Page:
clean slate, does this sound like you can go forward? No, I think

:18:39.:18:43.

when is the last time that anybody managed to install 290

:18:43.:18:46.

recommendations. I think what was said was very important. I think

:18:46.:18:50.

the last two things of the five points were really important. We

:18:50.:18:58.

need better leadership, we need better information. To me, it is

:18:58.:19:02.

depressing in a way, we do have an amazing work force, people who are

:19:02.:19:06.

really enthusiastic about it. Yet this thing happens again and again

:19:06.:19:10.

and again. There's only one place for this to go, we are not leading

:19:10.:19:14.

it in the way it needs to be led. The leadership is not up to the

:19:14.:19:18.

mark. People are not enthusiastic enough. We need to treat that as

:19:18.:19:21.

the central issue. But you are talking like a businessman now,

:19:21.:19:26.

this is bigger than that. It is too huge, isn't it, to be able to say

:19:26.:19:30.

fire the boss and get on with it? It is really not. You know,

:19:30.:19:35.

management is not just about the bottom line. There are private

:19:35.:19:38.

companies some private companies are well run, some badly run.

:19:38.:19:41.

Management is about enthusing people to do what you want to

:19:41.:19:46.

happen. That, in this organisation, I can get people excited about

:19:46.:19:50.

making baked beans. This is something which is vital, it is at

:19:50.:19:53.

the heart of everything that matters to us, and we don't have a

:19:53.:20:00.

work force that is enthusiastic, that is excited, we are managing it

:20:00.:20:03.

appallingly badly. How do you do this, a lot of the people are very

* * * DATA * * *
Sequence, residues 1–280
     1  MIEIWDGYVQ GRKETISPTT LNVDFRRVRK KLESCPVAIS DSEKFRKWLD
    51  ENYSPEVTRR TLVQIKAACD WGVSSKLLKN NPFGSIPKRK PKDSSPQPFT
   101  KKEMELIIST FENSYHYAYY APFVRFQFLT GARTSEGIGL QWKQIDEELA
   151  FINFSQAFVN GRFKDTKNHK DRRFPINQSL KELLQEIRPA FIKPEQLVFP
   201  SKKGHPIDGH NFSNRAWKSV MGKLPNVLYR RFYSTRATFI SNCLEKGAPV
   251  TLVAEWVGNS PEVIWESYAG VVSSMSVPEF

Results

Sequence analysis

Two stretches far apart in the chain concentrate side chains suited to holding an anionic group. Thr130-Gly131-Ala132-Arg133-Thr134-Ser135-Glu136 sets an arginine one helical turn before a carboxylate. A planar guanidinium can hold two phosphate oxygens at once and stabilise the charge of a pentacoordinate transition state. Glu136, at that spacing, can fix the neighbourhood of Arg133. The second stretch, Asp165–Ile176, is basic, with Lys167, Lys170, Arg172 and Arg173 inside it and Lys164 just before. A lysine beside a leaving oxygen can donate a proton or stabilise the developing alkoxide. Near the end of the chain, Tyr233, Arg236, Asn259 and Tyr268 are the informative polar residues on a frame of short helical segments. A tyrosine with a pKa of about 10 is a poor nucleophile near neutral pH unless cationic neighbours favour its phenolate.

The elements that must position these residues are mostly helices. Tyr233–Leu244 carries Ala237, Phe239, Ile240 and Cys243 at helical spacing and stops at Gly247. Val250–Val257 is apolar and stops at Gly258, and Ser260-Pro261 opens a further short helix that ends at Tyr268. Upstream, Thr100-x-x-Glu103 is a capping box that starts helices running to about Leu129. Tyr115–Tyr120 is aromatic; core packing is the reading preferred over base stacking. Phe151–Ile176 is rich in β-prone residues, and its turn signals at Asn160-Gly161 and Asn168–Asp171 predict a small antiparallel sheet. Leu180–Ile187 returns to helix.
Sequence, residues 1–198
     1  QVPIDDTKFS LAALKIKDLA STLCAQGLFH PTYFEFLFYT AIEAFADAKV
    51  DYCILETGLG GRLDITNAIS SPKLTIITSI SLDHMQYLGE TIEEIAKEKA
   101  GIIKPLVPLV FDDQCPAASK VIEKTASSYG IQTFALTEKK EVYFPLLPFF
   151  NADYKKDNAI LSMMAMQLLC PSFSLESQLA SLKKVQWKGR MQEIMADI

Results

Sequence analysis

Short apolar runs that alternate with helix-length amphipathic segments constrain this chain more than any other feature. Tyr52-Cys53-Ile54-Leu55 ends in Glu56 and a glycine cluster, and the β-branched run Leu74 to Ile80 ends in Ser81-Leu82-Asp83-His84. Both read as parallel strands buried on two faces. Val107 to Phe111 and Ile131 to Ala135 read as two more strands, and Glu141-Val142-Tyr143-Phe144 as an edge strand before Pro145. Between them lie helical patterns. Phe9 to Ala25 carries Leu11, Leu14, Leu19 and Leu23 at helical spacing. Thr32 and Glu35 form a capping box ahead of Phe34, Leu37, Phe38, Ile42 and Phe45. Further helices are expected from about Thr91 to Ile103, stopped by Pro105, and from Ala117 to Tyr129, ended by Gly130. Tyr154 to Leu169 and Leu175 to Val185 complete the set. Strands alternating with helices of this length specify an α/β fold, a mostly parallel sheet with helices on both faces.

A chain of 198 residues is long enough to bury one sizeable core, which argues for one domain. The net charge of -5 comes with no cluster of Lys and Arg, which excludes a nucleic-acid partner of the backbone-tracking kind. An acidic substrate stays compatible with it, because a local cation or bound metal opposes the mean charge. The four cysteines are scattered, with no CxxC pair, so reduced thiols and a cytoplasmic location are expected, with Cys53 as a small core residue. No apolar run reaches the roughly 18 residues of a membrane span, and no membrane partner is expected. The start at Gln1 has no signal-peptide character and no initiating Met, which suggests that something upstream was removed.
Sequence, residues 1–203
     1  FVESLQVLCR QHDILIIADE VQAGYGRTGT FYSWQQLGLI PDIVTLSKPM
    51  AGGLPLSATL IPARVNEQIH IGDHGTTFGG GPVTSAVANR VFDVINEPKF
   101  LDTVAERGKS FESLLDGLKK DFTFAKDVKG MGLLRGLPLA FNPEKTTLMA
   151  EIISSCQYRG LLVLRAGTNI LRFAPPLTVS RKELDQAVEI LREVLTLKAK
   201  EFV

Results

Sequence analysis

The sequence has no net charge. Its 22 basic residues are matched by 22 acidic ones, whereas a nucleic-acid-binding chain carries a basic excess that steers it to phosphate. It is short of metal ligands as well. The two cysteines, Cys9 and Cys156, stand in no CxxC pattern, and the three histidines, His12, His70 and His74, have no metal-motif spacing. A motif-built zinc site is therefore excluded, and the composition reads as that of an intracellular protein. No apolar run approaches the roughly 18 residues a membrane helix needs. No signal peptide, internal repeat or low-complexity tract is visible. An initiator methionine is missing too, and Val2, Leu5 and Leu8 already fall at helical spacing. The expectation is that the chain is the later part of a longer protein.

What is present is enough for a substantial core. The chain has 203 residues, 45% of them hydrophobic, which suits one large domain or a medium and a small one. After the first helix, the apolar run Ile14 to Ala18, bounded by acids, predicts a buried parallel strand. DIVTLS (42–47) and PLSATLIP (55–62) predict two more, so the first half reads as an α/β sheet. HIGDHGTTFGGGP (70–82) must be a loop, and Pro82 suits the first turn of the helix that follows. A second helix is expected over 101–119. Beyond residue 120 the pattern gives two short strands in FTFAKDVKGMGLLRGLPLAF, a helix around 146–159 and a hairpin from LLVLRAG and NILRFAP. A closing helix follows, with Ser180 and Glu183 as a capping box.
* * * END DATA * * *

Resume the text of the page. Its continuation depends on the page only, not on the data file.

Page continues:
:20:03.:20:08.

overworked, very underpaid, we know that. What I would like to say is,

:20:08.:20:13.

this is a report that is extremely comprehensive, so it seems churlish

:20:13.:20:17.

of me to say it. But I do think there is unfinished business.

:20:17.:20:23.

Because I think there is an issue of accountability you know, in his

:20:23.:20:27.

own report, Robert Francis says, an organisation's culture stems from

:20:27.:20:30.

the quality of the leadership. Or the nature of its leadership.

:20:30.:20:35.

are you talking about now? talking about the people at the

:20:35.:20:38.

very top of the Department of Health. The system does not exist

:20:38.:20:44.

in isolation. I'm sorry, you made that point earlier. The system is

:20:44.:20:48.

led, reinforced, and maintained by key people. Are you talking about

:20:48.:20:52.

David Nicholson, or the former Government, the Labour Government?

:20:52.:20:57.

I'm talking particularly about David Nicholson, and the cadre of

:20:57.:21:01.

similar people at the Department of Health. Robert Francis said no

:21:01.:21:05.

evidence of bullying. I would take issue with that. Apart from the

:21:05.:21:09.

fact that the Department of Health are hardly going to come forward

:21:09.:21:13.

with trolleyloads of evidence. But if you look at the survey that the

:21:13.:21:18.

HSJ published in November, only a couple of months ago, of 81 chief

:21:18.:21:25.

executives, their headline was a "a culture of fear". Two fifths of

:21:25.:21:28.

those chief executives said they didn't dare speak out. Where does

:21:28.:21:32.

that culture come from. Do you think chief executives are scared

:21:32.:21:36.

by their staff? Is it about targets? If you think, targets in